LOUISVILLE, Ky. — The pandemic pushed back Kentucky's primary to June 23. Now, more changes are revealed; the Secretary of State's office and Governor Andy Beshear says the goal is to lessen the number of people gathering close together to cast a ballot. Absentee ballots will be made available to all registered voters.
There is a process voters must go through, to vote absentee. The League of Women Voters is quickly working on an education campaign, their Dee Pregliasco tells Spectrum News 1.
"Personally, I think it will affect the turnout," Pregliasco worries. That's because there are more steps to obtaining the absentee ballot than a voter would go through by simply showing up to a precinct in person.
"This is all new for everybody including us, and of course it's very new for voters," she says.
The state claims it's for safety, especially since precinct volunteers are typically within the age group that's more at risk of catching the virus. National Guardsmen will help staff the limited number of polls that will remain open to in-person voting.
"A lot of the folks who work in our polls, these are very much folks who are in our at-risk categories...[COVID-19] already has impacted our election cycle not only for the primary but we'll see what occurs into the general election next fall as well," Adjutant General Brig. Gen. Hal Lamberton said in Beshear's Wednesday coronavirus briefing.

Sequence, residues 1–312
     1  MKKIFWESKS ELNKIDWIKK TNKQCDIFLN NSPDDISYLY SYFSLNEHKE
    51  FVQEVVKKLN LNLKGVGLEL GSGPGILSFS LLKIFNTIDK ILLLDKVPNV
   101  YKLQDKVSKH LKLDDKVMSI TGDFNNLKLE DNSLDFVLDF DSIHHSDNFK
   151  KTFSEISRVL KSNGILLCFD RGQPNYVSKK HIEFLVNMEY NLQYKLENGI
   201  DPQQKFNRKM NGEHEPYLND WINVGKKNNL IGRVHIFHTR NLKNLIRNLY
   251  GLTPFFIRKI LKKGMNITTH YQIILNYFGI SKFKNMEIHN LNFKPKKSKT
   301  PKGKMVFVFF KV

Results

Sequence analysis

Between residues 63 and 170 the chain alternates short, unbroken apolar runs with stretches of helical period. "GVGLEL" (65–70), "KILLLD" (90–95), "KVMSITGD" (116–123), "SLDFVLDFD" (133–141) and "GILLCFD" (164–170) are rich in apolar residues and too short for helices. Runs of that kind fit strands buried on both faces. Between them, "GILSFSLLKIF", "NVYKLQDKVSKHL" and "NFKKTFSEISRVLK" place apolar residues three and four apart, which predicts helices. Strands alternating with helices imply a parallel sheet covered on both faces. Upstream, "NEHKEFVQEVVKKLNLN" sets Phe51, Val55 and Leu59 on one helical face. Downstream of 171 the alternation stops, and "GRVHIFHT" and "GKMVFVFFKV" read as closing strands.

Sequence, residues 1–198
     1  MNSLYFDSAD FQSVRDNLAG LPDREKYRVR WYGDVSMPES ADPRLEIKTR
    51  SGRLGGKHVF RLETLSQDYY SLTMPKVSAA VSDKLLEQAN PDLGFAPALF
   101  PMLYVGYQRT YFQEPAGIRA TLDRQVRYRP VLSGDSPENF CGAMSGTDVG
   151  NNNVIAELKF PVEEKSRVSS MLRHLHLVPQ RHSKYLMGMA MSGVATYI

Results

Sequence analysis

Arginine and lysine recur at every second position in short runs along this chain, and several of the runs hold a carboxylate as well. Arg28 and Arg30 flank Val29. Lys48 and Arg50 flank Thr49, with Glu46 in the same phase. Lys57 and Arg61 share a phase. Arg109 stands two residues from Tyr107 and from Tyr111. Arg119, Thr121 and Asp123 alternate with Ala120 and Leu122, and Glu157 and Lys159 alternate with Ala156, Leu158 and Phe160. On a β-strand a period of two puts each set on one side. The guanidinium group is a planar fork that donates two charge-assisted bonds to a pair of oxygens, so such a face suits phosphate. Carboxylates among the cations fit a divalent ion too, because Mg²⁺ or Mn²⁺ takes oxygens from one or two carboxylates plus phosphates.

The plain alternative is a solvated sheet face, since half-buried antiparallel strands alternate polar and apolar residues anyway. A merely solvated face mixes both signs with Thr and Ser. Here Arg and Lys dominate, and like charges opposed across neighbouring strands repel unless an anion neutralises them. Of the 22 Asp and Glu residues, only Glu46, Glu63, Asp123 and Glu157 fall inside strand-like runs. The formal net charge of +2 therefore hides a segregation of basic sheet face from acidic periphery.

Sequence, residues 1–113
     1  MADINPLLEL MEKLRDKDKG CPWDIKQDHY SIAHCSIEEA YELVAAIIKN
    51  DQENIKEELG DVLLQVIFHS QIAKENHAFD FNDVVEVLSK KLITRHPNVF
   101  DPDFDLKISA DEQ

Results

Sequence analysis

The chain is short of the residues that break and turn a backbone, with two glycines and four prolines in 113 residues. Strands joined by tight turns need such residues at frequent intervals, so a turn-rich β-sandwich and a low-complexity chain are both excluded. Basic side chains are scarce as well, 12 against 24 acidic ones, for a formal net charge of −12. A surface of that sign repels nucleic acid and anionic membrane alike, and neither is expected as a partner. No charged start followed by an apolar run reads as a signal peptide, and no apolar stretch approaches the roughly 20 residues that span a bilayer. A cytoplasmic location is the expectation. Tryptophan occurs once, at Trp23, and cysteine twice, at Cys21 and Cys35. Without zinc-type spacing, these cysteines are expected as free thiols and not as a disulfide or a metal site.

Pregliasco usually volunteers to work her precinct. However, she will break from that tradition this time and possibly in elections beyond.
"So, there is a push now that, for all elections why can't it not be mail voting?" she's mindful of the discussion happening across the nation.
Voters will be getting a postcard reminder of the changes in the mail, so members of the League of Women Voters are recommending people reach out to their county clerks to be sure the correct mailing address is on file. To vote in the June primary, the deadline to register is May 26. To vote absentee, a voter should request that ballot by 11:59 p.m. EST on June 15, according to Beshear's emergency order. Mail-ins will have postage provided by the state; they will count if received by 6 p.m. June 27, postmarked June 23. For more information and links to every thing you need, please go to 2020 Elections.